What do those practices and counter-practices have to do with vodou? I am not looking for idealistic or fatalistic answers, but for answers based on facts of absolute reality.

It's predictable that some will pounce on me just for even raising those questions. But let me say this: I respect Vodou as the religion most practiced by the people of Haiti, and I am keenly aware of its key role in bringing about the political independence of Haiti, nearly 200 years ago. I certainly have always cherished the epic story of the Haitian Revolution. It's in my blood, as it is in the blood of all Haitians whom I have met. My intention is not to praise or denigrate Vodou, on a spiritual level. Let's j
ust say that I am less than a neophyte when it comes to these matters. I have even heard people that I do respect claim that you cannot extricate Vodou from the Haitian, because Vodou is the "essence" of being Haitian.

What do you make of all of this? Do you have some answers to the above questions.

Gifrants

Reply

Post by Gifrants » Thu Sep 25, 2003 9:43 pm

While I have been blamed many times to bring the stereotypes about Haitian people, those questions you did ask have nothing with vaudou.

Why?

Because no houngan or boko can SAY they have to call any Lwa or Lesen to kill someone. The use of those biological poisons has nothing to do with Vodou. This knowledge of how to kill is not the predicament of Vodou. The knowledge of how to heal IS the predicament of Vodou.

No hougan or boko can SAY they have the permission of any Lwa or Lesen to kill someone. A houngan or boko will tell you --yo rele Djab la. Yo pap di w yo rele Zanj lan, yo rele ginen an, yo rele lwa a.

Once again, those questions are not about Vodou.

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Post by admin » Fri Sep 26, 2003 12:25 am


Thank you, Gifrants, for informing me that those questions are not about Vodou. After Ezili Danto's remarkable exposes on Vodou on Ann Pale, I too would like to believe that zombies, loups-garous, champwel have nothing to do with Vodou. I did not set out to denigrate Vodou, and though the title of this thread may not be an accurate one, I thought I made it clear in my text that I was mostly interested in concrete answers to the questions that I raised rather than seeking to engage in any polemic concerning the nature of Vodou. This is a very interesting point nevertheless, and it raises these two observations:

1. It appears easy to make categoric statements about what Vodou is not, while it is devilishly difficult to establish just what Vodou is (no pun intended). My guess (just an educated one) is that both you and Ezili would agree that my questions have nothing to do with Vodou. Yet, you and Ezil
i have understandings of Vodou that are truly worlds apart. Ezili does not see any legitimacy whatsoever in your concepts of Vodou, as expressed on this forum. In turn, you have made it plain that the Vodou Ezili Danto writes about is not the Vodou that you know. And clearly, if I thought that Vodou constituted of wanga or black magic, zombies, loups-garous and champwel, I would not be speaking about the Vodou that both of you know. What an interesting dialectic!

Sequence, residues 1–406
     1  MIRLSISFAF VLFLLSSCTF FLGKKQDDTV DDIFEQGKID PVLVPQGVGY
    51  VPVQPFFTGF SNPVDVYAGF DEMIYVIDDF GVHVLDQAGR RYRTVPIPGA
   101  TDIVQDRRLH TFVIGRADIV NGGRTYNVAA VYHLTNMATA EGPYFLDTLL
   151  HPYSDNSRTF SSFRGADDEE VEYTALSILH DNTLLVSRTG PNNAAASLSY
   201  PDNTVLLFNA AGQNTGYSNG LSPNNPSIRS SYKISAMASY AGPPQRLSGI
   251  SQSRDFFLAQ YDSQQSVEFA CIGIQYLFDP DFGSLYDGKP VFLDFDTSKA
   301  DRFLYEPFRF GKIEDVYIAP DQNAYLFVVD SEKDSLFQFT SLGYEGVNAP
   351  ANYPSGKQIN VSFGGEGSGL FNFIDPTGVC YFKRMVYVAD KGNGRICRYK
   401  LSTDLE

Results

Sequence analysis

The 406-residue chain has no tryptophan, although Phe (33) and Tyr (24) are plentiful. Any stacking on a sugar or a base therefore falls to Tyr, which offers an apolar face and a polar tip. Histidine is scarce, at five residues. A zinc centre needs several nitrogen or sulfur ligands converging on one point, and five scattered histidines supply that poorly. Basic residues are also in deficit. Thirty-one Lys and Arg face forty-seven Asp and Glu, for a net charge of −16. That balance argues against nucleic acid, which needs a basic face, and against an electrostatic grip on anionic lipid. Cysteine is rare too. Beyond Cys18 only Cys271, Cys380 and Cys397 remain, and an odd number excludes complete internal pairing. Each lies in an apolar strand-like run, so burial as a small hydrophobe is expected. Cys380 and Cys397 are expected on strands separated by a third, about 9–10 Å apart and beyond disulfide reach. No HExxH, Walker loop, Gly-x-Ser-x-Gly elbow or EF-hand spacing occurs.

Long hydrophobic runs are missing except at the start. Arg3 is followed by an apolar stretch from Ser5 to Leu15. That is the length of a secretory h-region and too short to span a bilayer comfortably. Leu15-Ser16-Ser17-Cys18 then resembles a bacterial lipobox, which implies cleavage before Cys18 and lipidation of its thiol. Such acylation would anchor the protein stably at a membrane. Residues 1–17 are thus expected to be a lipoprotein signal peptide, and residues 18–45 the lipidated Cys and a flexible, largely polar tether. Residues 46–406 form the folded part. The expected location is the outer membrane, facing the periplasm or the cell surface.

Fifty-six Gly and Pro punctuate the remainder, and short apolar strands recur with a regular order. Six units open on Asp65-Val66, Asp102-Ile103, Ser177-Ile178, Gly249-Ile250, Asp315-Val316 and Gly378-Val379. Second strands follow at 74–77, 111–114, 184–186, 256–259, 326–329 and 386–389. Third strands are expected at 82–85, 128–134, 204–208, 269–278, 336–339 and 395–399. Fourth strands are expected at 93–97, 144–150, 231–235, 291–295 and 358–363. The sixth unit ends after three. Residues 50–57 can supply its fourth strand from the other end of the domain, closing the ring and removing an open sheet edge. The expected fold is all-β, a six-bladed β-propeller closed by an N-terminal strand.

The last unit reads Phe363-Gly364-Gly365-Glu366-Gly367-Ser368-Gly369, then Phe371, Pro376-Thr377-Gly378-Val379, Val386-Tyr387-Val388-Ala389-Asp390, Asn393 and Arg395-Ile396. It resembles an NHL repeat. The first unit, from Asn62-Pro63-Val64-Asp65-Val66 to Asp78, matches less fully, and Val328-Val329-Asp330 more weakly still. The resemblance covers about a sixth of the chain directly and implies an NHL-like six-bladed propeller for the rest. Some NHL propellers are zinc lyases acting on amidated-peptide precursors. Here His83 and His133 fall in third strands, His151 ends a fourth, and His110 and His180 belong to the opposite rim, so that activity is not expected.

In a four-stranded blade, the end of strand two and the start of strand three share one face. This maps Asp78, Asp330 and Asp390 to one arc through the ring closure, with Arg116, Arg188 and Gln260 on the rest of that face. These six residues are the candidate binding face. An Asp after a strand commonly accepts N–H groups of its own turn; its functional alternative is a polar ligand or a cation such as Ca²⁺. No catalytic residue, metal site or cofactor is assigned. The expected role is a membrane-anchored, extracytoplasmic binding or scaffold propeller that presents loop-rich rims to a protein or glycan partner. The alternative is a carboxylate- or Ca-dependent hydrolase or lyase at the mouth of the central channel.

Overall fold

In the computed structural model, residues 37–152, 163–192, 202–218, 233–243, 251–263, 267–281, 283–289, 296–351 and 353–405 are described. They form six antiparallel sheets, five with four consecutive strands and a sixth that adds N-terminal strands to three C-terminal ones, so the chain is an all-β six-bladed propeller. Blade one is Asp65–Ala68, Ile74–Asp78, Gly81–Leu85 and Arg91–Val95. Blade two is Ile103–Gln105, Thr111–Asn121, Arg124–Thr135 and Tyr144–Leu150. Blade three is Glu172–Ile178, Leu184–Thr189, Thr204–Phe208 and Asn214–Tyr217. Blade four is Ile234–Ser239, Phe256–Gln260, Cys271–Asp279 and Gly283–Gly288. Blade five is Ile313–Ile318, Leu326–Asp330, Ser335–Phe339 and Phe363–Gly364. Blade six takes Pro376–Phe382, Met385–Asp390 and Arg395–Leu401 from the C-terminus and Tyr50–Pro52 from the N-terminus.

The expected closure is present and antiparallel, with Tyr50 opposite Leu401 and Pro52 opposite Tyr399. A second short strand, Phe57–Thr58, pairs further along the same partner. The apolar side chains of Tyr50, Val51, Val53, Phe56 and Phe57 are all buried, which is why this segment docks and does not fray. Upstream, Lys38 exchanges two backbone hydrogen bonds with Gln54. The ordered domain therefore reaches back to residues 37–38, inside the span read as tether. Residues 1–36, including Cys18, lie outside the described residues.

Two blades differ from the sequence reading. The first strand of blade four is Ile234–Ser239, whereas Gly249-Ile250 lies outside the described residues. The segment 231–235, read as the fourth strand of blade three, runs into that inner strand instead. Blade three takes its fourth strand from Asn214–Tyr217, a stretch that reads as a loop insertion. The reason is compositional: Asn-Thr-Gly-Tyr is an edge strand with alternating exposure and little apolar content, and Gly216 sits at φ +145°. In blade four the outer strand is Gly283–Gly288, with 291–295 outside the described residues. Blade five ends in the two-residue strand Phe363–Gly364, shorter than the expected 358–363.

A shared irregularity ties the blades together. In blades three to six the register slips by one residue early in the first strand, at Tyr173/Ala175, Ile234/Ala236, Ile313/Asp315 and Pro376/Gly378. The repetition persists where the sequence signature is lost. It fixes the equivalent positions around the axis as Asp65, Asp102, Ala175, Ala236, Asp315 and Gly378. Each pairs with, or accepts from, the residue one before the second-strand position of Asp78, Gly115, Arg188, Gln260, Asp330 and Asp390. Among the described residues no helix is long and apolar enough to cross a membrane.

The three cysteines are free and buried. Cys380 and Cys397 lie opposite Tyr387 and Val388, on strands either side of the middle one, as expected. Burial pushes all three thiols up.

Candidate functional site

In any case, you'll be glad to know that I do not necessarily associate black magic and Vodou... that is, I do not associate them on an intrinsic level... I do not equate the two... but this does not change the fact that Vodou and black magic are associated in a myriad ways in the minds of Haitians and foreigners alike. In fact, I am not at all concerned about foreigners' misconceptions about Vodou, which they learned about primarily from the B-grade Hollywood movie variety. But talk to most Haitians seriou
sly about zombies, and inevitably the word bokor comes about. Talk to them about wanga or black magic, and inevitably the words houngan and manbo come about. So, in bringing about those so-called "stereotypes", I am certainly not making reference to any alleged "low mental level of the Haitian people", but simply asking very frank questions about these matters. To say that those questions have nothing to do with Vodou is debatable. Regardless, they remain unanswered to this day.

2. My second observation relates to the perception of political correctness when discussing Vodou in general with Vodou intellectuals (certainly not with Christian fundamentalists). To you, for instance, Vodou cannot be elevated to the status of a religion, because it is too concerned with people's material needs and not at all with the afterlife, the soul, or even God. Yet, surprisingly, you become concerned
about stereotypes when questions are raised that may (or may not, depending on the correct answers) associate the "non-religion" to Haitians' real practices that WE ALL KNOW ABOUT OR HAVE HEARD ABOUT. I am then led to wonder the following: Is there a dark side to any religion? Is there a dark side to Christianity? Is there a dark side to Islam? Is there a dark side to Judaism? Could there possibly be a dark side to Buddhism? And last, is it remotely possible that there is a dark side to Vodou as well? Are all religions, when you strip them of stereotypes and prejudices supremely beautiful? Of course, we know that other school of thought that maintains that religion is simply the opium of the people.